Mouse groups consuming NAS in both lean and HFD states were treated with a gram-negative-targeting broad-spectrum antibiotic to test whether the gut microbiota may regulate the observed NAS effects. The antibiotics were ciprofloxacin and metronidazole (“antibiotics A”). A second antibiotic treatment with gram-positive-targeting antibiotic vancomycin (“antibiotics B”) was also conducted.

After four weeks of antibiotic treatment, the differences in glucose intolerance between NAS-drinking mice and the controls were abolished in both the lean and HFD-fed groups for both treatments. These results suggest that NAS-induced glucose intolerance may be mediated by the intestinal microbiota.

Faecal transplantation experiments were conducted to establish a causal relationship between glucose intolerance and the microbiota. The microbiota of lean mice drinking commercial saccharin or glucose (control) was transferred into lean mice that have never encountered saccharin in their diets.

artificial_sweeteners_alter_gut_microbiota_02_web
Source: Fella, S., 2015, “Artificial sweeteners could kick out sensible gut bacteria”, available at http://sooperfella.com/artificial-sweeteners-could-kick-out-sensible-gut-bacteria/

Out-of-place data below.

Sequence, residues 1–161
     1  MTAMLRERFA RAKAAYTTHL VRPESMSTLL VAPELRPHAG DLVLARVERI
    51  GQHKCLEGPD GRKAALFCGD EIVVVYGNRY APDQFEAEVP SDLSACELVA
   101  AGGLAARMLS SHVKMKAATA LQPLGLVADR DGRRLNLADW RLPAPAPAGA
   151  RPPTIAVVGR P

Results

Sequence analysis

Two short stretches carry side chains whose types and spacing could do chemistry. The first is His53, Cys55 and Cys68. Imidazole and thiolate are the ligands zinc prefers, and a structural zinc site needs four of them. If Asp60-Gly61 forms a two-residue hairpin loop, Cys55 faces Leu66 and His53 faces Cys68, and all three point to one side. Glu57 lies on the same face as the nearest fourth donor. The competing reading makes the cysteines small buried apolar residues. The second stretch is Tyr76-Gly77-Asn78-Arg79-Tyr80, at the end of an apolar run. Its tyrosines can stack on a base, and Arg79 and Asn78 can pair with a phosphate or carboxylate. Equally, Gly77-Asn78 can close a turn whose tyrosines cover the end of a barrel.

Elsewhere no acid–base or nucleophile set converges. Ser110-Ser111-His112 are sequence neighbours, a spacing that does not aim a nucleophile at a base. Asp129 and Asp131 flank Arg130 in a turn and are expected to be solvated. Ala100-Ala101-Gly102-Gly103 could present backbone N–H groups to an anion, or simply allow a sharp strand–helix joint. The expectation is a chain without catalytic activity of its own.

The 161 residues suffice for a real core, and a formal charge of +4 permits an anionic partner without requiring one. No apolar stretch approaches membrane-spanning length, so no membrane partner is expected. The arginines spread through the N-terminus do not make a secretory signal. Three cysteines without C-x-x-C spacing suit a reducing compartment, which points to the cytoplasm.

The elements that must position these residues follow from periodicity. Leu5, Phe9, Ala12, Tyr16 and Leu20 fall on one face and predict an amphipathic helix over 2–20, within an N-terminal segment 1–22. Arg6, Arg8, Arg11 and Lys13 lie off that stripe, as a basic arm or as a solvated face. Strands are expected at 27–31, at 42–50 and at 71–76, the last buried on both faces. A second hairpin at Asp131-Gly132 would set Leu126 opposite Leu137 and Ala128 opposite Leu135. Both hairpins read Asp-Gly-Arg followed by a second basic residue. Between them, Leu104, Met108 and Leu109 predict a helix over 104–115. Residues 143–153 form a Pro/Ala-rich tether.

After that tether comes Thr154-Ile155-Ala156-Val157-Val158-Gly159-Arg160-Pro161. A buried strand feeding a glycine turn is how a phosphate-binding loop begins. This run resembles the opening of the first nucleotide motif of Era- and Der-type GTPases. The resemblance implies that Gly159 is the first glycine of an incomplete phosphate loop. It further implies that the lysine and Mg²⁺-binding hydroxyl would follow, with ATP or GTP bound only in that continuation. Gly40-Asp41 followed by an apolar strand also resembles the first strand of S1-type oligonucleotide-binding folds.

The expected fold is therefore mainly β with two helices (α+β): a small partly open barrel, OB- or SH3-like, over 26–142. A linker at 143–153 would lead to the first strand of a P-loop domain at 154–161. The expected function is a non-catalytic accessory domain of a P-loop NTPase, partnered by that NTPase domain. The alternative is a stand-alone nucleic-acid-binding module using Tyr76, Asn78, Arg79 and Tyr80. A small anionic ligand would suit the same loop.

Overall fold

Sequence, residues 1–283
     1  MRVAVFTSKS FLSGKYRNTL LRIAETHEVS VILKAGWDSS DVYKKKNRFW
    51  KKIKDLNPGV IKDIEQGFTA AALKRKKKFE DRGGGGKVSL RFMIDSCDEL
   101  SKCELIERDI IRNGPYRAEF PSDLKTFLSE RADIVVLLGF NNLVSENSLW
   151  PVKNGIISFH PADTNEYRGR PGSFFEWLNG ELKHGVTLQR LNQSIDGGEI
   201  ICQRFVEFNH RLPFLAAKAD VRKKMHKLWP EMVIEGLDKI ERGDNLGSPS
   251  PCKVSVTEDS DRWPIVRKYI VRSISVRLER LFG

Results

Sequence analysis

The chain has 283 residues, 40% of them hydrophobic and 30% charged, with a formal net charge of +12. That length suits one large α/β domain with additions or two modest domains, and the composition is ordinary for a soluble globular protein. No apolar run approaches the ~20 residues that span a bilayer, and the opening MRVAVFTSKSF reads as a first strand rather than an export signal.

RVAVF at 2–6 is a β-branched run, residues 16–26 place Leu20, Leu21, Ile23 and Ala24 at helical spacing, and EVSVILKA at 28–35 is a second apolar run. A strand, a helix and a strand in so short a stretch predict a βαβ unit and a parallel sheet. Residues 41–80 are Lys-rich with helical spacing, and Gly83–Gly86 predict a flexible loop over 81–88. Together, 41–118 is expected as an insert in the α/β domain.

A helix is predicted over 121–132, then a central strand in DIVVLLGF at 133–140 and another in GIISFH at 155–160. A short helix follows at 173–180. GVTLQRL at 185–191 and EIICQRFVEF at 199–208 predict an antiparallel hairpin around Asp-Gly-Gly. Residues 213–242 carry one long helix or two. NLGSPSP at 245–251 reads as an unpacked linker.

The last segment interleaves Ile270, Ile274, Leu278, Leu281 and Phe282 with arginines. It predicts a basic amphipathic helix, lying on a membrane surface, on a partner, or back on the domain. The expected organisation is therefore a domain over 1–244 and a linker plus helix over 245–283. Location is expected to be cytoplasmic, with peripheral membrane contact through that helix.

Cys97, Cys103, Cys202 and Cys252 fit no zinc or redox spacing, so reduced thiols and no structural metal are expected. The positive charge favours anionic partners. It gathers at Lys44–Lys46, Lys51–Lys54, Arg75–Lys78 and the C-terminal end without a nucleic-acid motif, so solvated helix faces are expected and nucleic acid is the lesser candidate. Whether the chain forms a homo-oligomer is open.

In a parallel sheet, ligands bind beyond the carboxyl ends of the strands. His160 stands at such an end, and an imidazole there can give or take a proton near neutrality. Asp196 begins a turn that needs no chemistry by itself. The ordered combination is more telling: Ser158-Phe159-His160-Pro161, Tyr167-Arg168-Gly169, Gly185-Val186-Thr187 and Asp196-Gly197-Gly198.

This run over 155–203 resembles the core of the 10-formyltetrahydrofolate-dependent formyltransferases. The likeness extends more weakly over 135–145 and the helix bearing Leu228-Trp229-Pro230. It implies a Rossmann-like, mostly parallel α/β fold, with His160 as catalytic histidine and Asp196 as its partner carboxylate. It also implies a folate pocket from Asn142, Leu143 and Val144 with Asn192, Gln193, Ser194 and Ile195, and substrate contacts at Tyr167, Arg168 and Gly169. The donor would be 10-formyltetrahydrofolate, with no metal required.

Recipients of the microbiota from saccharin-drinking mice exhibited an impaired glucose tolerance response compared to recipients of the microbiota from control. Transfers of the microbiota composition of HFD-fed mice drinking saccharin also resulted in the same glucose intolerance phenotype.

1

Figure 1: Blood glucose levels over span of 2 hours after intake of artificial sweeteners (saccharin, sucralose, aspartame) or controls (water, sucrose, glucose). Different treatments, with gram-negative-targeting antibiotics (A), gram-positive-targeting antibiotics (B) or no antibiotics, were used. The NAS-fed mice without antibiotic treatment showed the highest levels of glucose intolerance.

 

2

Figure 2: Glycaemic responses of each treatment in mice. The NAS-fed mice without antibiotic treatment showed abnormal glycaemic responses, compared to the controls and the antibiotic-treated mice.

 

Reference: Suez, Jotham et al. ‘Artificial Sweeteners Induce Glucose Intolerance By Altering The Gut Microbiota’. Nature (2014)

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